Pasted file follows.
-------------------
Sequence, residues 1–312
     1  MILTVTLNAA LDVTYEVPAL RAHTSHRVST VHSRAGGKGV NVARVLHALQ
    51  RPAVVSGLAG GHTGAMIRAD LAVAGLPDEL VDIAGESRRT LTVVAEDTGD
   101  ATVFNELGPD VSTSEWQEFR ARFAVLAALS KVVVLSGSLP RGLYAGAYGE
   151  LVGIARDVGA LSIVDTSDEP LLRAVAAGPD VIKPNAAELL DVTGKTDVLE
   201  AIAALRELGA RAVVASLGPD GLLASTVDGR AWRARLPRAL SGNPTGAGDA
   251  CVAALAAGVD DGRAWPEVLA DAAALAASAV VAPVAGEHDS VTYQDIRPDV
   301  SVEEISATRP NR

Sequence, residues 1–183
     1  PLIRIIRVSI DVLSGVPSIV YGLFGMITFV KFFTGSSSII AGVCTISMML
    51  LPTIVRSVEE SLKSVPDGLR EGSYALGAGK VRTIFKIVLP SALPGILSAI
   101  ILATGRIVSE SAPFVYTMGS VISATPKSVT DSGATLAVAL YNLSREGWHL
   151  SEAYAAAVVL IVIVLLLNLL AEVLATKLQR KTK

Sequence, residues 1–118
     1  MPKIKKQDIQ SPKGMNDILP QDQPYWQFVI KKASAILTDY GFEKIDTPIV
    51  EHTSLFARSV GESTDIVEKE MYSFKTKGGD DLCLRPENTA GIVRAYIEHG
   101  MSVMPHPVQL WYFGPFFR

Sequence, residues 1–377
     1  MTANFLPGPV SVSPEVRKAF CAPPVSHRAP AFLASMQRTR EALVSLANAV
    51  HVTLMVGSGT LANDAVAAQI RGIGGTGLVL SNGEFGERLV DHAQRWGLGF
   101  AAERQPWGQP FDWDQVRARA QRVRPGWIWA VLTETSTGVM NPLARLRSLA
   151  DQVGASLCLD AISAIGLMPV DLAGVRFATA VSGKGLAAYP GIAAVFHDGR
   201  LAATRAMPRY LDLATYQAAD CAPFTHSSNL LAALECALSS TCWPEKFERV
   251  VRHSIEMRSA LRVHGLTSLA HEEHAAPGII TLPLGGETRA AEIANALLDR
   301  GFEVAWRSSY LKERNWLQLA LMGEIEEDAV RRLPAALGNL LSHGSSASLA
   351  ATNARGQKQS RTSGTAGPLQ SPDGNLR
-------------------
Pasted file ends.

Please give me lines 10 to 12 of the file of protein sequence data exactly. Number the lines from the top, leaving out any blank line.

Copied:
     1  PLIRIIRVSI DVLSGVPSIV YGLFGMITFV KFFTGSSSII AGVCTISMML
    51  LPTIVRSVEE SLKSVPDGLR EGSYALGAGK VRTIFKIVLP SALPGILSAI
   101  ILATGRIVSE SAPFVYTMGS VISATPKSVT DSGATLAVAL YNLSREGWHL